Kangondo, Kibiraro Resettlement Starts this Weekend – Minister Shyaka  

Busanza estates

The Minister of Local government has announced plans to start resettling families of citizens who have been living in the disputed wetlands in Kangondo 1 and Kibiraro in Remera sector, Gasabo district, commonly known as ‘Bannyahe’.

For two years, residents living in these disaster-prone and high-risk areas especially during the rainy seasons have been divided overtaking the government’s expropriation offer to relocate them in newly constructed affordable houses in the Busanza sector in Kicukiro district.

While some of the families agreed to shift to Busanza estates, a breakaway segment of the beneficiaries resorted to filling a court case against the city of Kigali authorities arguing that the compensation offer was not equal to their property.

After years of battling the court case and court ruling in favour of the city of Kigali, the affected citizens went on to seek the intervention of government top leadership at different levels but the latter’s guidance was to uphold the law on wetlands and preventing risks of loss of lives.

With this background in mind, the Minister of Local Government, Professor Anastase Shyaka today visited the concerned residents with good news on what next and affirm the government’s commitment to uphold citizen safety and security as priorities.

Shyaka said that on top of the relocation agenda, a group of 48 vulnerable families in Kigali city (including 35 from Kangondo and Kibiraro) will starting this November 29, 2020 be shifted to their new homes build with safety and standard.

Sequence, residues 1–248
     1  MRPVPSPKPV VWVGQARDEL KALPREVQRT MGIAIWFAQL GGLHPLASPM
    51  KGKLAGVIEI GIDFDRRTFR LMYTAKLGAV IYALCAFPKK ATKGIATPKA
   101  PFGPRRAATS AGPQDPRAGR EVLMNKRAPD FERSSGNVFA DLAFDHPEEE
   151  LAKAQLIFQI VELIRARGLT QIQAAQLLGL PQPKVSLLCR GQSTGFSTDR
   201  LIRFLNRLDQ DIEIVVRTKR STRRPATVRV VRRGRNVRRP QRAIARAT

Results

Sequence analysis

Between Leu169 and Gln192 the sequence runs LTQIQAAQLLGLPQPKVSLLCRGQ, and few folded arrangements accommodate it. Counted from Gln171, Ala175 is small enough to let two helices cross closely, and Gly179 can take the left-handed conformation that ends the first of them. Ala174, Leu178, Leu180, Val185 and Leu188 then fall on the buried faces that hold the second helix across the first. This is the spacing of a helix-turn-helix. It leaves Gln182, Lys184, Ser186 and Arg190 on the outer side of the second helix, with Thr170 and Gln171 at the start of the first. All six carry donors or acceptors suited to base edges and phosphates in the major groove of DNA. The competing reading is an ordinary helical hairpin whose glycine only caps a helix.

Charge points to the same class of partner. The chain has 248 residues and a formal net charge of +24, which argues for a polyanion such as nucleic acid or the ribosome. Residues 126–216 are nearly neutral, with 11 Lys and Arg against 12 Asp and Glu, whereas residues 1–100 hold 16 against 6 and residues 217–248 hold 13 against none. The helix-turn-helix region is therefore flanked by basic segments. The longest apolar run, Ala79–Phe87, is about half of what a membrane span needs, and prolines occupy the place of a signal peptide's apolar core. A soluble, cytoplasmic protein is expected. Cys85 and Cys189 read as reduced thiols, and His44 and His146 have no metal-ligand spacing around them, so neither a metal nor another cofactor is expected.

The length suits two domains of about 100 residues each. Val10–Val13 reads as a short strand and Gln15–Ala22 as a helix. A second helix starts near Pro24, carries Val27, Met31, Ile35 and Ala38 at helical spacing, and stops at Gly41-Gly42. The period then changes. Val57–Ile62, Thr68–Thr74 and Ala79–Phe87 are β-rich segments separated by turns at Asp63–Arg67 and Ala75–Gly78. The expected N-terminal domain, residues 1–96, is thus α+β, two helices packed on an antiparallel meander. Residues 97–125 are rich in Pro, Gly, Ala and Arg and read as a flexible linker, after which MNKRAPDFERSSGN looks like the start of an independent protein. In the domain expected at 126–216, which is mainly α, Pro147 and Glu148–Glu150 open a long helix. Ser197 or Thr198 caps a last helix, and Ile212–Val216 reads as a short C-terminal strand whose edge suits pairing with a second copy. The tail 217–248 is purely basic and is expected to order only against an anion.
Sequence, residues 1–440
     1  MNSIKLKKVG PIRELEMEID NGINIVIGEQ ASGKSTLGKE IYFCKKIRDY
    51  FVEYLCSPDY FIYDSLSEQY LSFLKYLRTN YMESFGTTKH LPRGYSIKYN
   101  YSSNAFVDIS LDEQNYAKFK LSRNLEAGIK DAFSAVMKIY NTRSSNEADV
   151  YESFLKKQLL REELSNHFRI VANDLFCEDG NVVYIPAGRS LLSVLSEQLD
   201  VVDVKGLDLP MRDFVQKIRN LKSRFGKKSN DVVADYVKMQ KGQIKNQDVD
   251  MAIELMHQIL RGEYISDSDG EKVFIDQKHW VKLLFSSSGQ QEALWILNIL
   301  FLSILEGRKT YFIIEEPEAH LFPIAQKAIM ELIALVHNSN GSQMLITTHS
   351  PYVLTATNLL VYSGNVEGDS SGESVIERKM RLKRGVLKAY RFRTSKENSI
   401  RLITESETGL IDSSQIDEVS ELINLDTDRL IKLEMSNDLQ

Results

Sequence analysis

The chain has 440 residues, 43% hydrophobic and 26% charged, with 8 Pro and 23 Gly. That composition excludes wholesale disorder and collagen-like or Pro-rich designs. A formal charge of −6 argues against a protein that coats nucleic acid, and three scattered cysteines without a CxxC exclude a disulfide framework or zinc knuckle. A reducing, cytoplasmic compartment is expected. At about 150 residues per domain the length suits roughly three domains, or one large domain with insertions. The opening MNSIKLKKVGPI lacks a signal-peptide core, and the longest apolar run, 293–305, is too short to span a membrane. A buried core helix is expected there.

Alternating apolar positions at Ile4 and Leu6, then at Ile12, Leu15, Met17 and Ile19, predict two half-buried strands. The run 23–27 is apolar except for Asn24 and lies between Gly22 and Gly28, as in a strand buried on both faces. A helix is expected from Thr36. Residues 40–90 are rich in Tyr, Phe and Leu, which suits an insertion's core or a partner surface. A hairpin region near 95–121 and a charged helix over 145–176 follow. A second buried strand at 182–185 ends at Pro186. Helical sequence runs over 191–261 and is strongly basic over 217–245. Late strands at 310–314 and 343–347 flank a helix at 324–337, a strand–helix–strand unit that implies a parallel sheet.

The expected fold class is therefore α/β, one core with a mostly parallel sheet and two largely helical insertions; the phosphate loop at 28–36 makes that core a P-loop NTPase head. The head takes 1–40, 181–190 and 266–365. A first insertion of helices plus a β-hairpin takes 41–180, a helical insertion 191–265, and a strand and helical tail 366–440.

The Kangondo –Kibiraro families are part of the 73 families deemed as living in government wetlands of the total 246 families that live in the two zones.

A total of 6,400 families have evacuated from wetlands since the enactment of the revised 2018 law on environment which prohibits settlements in wetlands.

Prof. Shyaka said that the delays in expropriating the affected residents doesn’t mean that the government hates its citizens but instead intends the best things for citizens.

“The President of the Republic loves you all. We are here for you to find solutions together even if they are bitter problems we are are faced with. All Kigali citizens will find a place to live in the city, and not outside,” Shyaka said.

Minister Professor Anastase Shyaka

To exemplify this, the minister said that the new homes in Busanza have been installed with all required infrastructure such as clean water, electricity and paved roads which will enable the citizens to upgrade their lifestyle from high risk to safe and secure accommodation.

He explained that the numbers of beneficiaries from Kangondo and Kibiraro zones has increased (from 246 to over 1,000) after a new census thus the shortage in benefiting families but appealed to the remaining beneficiaries to be patient with government as it plans to complete construction of another set of houses in Busanza estates.

Representatives of the planned beneficiaries however reechoed their earlier concern that took some to courts of law, saying that the value of expropriated property doesn’t match their new homes, that even when they were living in high risk zones they could accommodate all family members unlike the new homes which have limited space.

“Culturally, boys sleep separately from girls but it looks like we will have to put up in the same rooms with our children which is a risk of creating marital problems, that we would rather avoid before it happens,” one of the beneficiaries said.

In response the minister said that the requests of having larger spaced homes is over exaggerated impossible thought, and stated that living in wetlands is equally illegal thus a need to be considerate since the beneficiaries have no legal basis for claiming wetlands which they unlawfully settled in, in the first case.

The Kangondo settlement commonly known as Bannyahe is among the affected settlements

Some local leaders at the meeting advised citizens to take up the new homes since the settlements in Kangondo and Kibiraro areas remain an environmental hazard creating more filthy livelihoods and risk of loss of lives due to natural disasters.

Photos by Richard Kwizera




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